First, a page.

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Effects of weight in punch resistance and power in boxing?

  1. Aug 1, 2017 #1
    I wasn't exactly sure which forum I should post this question in but I felt this was the most appropriate one. So if there is a more appropriate one, feel free to relocate it (whoever is responsible for that).

    I wanted strictly a scientific answer to this question. How does weight affect a boxer's punching power and punch resistance? In boxing, boxers are divided into weight divisions. Weight can be composed of many things such as muscles, fat, bone size and etc. However, boxing doesn't factor in all of those separate things when dividing boxers into weight divisions. It doesn't matter what a boxer's weight is composed of. In the end, all boxers are divided by weight divisions (irrespective of how much of the weight is fat, muscles or anything else).

    So what I wanted to know was how much of an affect does weight have on a boxer's punching power and punch resistance. Do things like muscle mass, fat quantity, skull size and etc. matter as much as purely weight or is boxing correct in making those factors less significant? Does it scientifically matter whether a boxer is mainly made of fat or muscles or anything else when it comes to punch resistance and power or are these factors irrelevant or not as irrelevant as PURELY weight?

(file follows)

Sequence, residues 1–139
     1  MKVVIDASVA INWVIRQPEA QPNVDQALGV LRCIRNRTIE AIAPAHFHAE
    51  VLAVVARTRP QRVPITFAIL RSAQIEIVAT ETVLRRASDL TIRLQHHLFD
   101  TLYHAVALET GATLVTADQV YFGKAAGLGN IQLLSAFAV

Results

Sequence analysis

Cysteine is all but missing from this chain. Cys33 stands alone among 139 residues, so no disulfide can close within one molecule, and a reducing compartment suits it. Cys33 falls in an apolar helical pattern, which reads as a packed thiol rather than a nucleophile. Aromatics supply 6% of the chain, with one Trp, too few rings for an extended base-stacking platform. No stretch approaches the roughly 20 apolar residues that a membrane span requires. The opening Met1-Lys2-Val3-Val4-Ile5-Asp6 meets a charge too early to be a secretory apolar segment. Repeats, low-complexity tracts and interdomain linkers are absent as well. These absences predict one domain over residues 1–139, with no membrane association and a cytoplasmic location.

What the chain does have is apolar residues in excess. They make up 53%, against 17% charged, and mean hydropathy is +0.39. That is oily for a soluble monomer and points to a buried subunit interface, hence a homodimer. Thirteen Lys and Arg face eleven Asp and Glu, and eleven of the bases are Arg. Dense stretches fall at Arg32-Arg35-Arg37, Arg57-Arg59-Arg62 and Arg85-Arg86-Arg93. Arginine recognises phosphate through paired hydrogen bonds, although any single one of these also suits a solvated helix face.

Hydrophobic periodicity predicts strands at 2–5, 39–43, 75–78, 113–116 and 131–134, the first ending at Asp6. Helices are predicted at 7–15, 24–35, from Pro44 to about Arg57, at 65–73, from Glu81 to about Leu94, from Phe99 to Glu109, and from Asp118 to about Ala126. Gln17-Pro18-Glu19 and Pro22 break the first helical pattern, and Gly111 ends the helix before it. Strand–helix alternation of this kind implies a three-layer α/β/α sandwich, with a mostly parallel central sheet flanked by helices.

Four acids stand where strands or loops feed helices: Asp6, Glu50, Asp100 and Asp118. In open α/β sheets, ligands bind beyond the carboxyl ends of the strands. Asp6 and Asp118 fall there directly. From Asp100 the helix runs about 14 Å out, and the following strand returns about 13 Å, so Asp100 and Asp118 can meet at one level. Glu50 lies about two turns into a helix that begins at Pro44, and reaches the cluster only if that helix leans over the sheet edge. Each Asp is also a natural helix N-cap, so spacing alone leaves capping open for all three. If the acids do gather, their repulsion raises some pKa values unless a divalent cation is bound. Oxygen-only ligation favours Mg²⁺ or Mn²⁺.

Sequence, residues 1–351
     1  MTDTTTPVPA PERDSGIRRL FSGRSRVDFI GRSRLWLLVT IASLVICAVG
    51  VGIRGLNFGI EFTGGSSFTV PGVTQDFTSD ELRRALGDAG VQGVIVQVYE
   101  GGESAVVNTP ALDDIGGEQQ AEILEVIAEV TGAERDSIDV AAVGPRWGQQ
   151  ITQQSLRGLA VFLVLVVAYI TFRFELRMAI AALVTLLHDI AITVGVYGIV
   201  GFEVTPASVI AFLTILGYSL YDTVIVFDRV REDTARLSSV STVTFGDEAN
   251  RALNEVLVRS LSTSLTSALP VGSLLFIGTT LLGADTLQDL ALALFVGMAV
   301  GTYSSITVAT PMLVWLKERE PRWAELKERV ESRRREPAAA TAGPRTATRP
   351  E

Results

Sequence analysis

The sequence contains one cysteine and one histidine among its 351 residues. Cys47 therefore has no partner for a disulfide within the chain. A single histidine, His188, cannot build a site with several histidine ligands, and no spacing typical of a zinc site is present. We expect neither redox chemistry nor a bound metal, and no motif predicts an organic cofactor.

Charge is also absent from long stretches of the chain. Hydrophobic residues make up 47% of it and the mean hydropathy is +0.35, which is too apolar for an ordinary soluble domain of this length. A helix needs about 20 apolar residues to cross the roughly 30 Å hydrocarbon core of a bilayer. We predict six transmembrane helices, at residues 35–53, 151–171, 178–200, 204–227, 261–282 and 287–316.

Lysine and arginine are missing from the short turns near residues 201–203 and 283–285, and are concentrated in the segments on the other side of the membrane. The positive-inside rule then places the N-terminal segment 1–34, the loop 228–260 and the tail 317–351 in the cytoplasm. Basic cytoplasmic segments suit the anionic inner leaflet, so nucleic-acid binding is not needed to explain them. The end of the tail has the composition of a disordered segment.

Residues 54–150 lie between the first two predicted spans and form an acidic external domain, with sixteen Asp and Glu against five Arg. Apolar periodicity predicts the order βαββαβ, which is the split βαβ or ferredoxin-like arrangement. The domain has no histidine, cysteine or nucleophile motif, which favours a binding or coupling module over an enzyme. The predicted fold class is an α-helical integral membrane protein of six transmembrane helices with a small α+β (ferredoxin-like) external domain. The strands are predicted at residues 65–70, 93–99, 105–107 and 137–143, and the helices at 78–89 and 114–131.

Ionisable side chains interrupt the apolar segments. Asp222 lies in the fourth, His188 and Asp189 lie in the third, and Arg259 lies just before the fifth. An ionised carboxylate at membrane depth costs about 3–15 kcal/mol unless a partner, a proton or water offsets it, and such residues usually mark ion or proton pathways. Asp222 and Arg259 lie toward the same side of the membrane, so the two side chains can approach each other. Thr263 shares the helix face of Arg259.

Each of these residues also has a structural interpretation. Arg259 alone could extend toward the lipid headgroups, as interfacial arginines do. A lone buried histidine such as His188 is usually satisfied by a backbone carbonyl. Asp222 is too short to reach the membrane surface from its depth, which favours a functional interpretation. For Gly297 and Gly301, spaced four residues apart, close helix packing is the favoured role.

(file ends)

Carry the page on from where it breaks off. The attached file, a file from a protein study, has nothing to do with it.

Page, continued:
Does a heavier person have greater POTENTIAL for power than a lighter person, irrespective of how fat or muscular they are? Does a heavier person (without taking into account the amount of fat or muscles) also have higher punch resistance than lighter people? If the answer is yes to these questions, then why / how would that be?
     
  2. jcsd
  3. Aug 1, 2017 #2

    FactChecker

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    I think that the place to start is to consider the momentum behind a punch. Suppose that two people throw the same punch with the same speed and form. The heavier person has more momentum behind the punch ( momentum = mass * velocity). On the receiving end, a person is knocked out by the acceleration of the head injuring the brain. A heavier person would absorb the momentum of a punch with less velocity. So his brain would not be bounced around as much as a lighter person's would.
     
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